“Those figures are no toys, they are collectibles and therefore we should treat them with great care and respect.”
About the figure:
This 23 centimeter tall PVC figure from the manufacturer Alter was sculpted by Kima after an illustration of Oyari Ashito showing Beethoven, one of the main characters from the Eiyuu*Senki series. It was released in May 2015 in Japan.
As you can see, the figure has a relatively simple pose and the color scheme. The main focus definitely lies on the lovely detailed violin (you can remove it from her hands) as well as the pillar-shaped base.
Althought it’s a figure from an ero-game it’s hard to see her pink panties. To achieve that you must lower your angle far enough because of her realtive long pianothemed skirt.
The headphones show a bold “B” on them which is also a great little detail. Since the figure isn’t too colorful the eyes pop out even more and if you look very closely you can see tiny notes as reflections.
About the series:
Eiyuu*Senki is a turn based strategy game developed by Tenco and published by 5pb. Games (you know, the people behind Chaos;Head and Steins;Gate) released in 2012. The games basic plot is that you as a leader of a nation must conquer the world, by using an army of moe girls all based on great historical or mythological persons.The character in the game was voiced by Yukito Saori and is of course based on the famous German musician Ludwig van Beethoven.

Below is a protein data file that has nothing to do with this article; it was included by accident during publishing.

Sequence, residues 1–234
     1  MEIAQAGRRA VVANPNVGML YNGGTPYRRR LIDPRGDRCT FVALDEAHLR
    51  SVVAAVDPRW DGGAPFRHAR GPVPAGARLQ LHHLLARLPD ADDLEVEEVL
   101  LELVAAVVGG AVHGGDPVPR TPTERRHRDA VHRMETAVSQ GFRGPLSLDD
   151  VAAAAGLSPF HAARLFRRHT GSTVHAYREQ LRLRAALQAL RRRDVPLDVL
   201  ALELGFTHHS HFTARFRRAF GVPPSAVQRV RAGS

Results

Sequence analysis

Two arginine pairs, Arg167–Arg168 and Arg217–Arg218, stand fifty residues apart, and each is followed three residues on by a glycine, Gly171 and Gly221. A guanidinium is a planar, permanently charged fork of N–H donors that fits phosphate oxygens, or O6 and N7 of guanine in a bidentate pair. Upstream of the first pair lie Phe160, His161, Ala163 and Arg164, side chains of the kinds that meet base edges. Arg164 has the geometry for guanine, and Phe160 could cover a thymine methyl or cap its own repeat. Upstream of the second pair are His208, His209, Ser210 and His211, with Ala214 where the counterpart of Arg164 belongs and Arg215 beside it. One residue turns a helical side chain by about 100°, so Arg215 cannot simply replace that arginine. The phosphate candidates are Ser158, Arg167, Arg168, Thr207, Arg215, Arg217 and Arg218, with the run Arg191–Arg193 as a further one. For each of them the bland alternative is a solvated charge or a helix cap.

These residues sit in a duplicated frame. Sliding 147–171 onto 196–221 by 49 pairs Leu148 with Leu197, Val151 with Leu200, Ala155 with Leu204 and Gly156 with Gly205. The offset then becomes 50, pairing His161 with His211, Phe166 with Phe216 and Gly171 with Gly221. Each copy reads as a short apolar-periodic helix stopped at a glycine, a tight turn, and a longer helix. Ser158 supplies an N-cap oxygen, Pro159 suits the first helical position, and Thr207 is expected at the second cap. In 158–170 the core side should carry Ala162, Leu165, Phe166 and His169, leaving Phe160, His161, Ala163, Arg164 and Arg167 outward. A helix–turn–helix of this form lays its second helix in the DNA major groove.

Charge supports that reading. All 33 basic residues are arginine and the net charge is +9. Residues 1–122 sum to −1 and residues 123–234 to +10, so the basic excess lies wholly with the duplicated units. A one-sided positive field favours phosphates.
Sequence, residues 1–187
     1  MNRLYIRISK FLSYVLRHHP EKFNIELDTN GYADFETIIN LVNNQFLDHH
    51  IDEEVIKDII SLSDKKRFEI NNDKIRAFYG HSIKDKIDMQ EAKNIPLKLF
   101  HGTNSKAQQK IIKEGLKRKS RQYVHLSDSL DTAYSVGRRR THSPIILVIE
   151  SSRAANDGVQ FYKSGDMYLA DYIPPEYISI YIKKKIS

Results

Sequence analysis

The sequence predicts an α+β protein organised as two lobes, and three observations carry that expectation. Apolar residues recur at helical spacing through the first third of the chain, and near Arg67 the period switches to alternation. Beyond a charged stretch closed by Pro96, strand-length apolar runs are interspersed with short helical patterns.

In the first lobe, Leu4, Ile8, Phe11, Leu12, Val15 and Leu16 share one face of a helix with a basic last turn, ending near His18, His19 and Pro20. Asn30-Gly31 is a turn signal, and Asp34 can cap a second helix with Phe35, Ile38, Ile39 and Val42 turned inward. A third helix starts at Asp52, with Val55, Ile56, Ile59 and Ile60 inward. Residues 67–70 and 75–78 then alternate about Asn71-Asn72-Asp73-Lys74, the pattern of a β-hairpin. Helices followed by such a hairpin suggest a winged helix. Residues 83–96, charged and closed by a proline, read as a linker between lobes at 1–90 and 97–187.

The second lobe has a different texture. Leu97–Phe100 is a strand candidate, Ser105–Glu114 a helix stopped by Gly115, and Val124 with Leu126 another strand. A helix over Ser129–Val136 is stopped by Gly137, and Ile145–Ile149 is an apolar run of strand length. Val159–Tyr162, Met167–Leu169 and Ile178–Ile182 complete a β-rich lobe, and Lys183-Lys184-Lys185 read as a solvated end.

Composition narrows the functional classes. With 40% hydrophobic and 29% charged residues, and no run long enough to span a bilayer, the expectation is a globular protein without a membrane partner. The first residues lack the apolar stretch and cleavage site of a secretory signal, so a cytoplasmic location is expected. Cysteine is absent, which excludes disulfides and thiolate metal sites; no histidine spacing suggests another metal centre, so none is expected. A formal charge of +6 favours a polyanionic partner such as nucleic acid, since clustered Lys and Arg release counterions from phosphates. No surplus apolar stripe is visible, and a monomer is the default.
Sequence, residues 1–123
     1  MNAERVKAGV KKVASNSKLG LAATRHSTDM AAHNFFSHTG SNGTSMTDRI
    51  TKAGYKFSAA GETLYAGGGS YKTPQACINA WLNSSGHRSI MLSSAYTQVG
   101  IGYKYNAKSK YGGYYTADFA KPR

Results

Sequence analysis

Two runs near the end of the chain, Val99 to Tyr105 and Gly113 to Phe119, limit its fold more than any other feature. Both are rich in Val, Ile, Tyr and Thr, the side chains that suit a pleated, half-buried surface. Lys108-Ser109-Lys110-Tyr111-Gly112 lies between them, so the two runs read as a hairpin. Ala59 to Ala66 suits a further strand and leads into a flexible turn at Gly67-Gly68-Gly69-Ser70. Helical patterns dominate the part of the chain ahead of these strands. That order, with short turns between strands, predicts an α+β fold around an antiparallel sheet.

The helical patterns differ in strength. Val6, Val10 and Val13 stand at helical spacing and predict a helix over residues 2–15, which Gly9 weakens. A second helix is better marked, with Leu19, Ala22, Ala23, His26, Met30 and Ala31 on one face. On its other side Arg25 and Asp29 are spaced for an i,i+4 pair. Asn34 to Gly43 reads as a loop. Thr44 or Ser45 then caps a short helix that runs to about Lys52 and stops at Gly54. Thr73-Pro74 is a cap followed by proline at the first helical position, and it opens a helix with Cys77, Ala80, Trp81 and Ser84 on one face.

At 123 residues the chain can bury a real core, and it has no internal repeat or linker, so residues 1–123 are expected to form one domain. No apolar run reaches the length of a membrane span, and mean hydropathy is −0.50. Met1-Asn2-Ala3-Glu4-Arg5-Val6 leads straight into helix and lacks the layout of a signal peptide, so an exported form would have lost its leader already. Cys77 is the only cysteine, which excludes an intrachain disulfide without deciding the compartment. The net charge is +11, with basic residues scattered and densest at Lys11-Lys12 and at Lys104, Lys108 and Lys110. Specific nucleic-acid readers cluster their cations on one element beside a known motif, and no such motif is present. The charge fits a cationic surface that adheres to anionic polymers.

Thoughts about the picture:
I bought our little Beethoven on the second hand market from some collector in Germany and once we had seen how much love they invested in her base I immediately came up with the idea for this photo.
I’ve never seen such kind of a base. They even bothered to put some carpetlike red velvet on the ground to give her a more luxurious look. My main goal was to create a scenery that could be strait out of an old art museum and therefore I crafted some stanchions, a tiled floor and some old fashioned paintings in the background.
Behind the scenes:
The biggest challenge when creating this scenery was how to design those golden stanchions you often see at exhibitions and the like. At first I searched on the web if someone might sell them already in an appropriate scale. While browsing I came across a site called “Maple Leaf Miniatures”. They offer a set of miniature brass-stanchions at the scale of 1/6 that looked gorgeous. There was only one down side: They cost 170 USD (3 pieces). And since I weren’t planning to spend three times the value of the figure on props I decided to craft them by myself.
I went to the hardware store and found some eyelets, washers and a metal pole which seems to fit together. I cutted the pole dowen to the desired length and drilled a tiny hole into it. Then I glued those three pieces together and placed an acrylic pearl on top of it.
Since the pearl, the pole and the cord mount all had different shades of gold I needed to fix that with a golden spray paint. Finally I could assemble the pole with the red colored cord. Therefore I bought some golden closures.
The other parts of the scenery weren’t that hard to create. From the hardware store I used one sheet of small tiles in order to get a checkerboard pattern. The background is one sheet of decorative paper and some miniature frames you can buy on the internet when searching for doll house interior.
Here you can see me setting up everything nicely with some soft lights to create the perfect miniature museum setting.
Time and effort:
About two hours for creating the stanchions and one additional hour for everything else.
Costs of the props:
About 50 EUR. Since I had to buy whole packages of the fittings, washers and closure caps for the whole scenery.
It became “Picture of the day” and also “Picture of the week” on “My Figure Collection”.